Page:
Accordingly, pursuant to my authority under 5 U.S.C. 3302(1), and in order to achieve a workforce that represents all segments of society as provided in 5 U.S.C. 2301(b)(1), I find that conditions of good administration make necessary an exception to the competitive hiring rules for certain positions in the Federal civil service.

Sec. 2. The head of any agency in the executive branch may appoint in the competitive service an individual who served for at least 48 months of continuous service in the Foreign Service of the Department of State under a Limited Non-Career Appointment under section 309 of the Foreign Service Act of 1980, and who passes such examination as the Office of Personnel Management (OPM) may prescribe.

Sec. 3. In order to be eligible for noncompetitive appointment to positions under section 2 of this order, such an individual must:

(a) have received a satisfactory or better performance rating (or equivalent) for service under the qualifying Limited Non-Career Appointment; and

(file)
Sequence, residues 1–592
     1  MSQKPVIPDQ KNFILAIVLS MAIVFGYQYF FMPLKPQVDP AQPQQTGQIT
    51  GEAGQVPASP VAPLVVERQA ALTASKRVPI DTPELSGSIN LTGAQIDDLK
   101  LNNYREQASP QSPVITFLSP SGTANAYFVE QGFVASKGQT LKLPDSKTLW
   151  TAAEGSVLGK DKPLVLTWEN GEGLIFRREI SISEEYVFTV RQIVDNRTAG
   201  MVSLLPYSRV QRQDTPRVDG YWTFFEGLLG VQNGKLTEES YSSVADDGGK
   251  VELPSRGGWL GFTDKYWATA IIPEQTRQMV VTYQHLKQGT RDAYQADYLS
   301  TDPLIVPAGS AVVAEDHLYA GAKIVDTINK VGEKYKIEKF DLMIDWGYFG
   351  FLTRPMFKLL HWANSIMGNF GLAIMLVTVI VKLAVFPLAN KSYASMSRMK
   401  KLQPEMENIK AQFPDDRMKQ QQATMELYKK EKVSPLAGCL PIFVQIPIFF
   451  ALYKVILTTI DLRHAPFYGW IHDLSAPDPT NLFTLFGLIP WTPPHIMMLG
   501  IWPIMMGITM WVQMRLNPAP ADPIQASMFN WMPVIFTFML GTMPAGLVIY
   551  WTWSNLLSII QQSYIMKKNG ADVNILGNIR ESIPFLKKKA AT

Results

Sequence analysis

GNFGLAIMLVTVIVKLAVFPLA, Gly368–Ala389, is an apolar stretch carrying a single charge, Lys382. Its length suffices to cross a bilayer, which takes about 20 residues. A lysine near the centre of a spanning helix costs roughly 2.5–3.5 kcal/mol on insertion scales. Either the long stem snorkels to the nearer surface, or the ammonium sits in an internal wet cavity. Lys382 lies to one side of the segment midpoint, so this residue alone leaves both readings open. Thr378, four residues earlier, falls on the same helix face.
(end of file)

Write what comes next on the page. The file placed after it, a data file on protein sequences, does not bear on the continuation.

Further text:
(b) exercise the eligibility for noncompetitive appointment within a period of 1 year after completion of the qualifying Limited Non-Career Appointment. Such period may be extended to not more than 3 years in the case of persons who, following such service, are engaged in military service, in the pursuit of studies at an institution of higher learning, or in other activities that, in the view of the appointing authority, warrant an extension of such period. Such period may also be extended to permit the adjudication of a background investigation.

Sec. 4. A person appointed under section 2 of this order shall become a career conditional employee.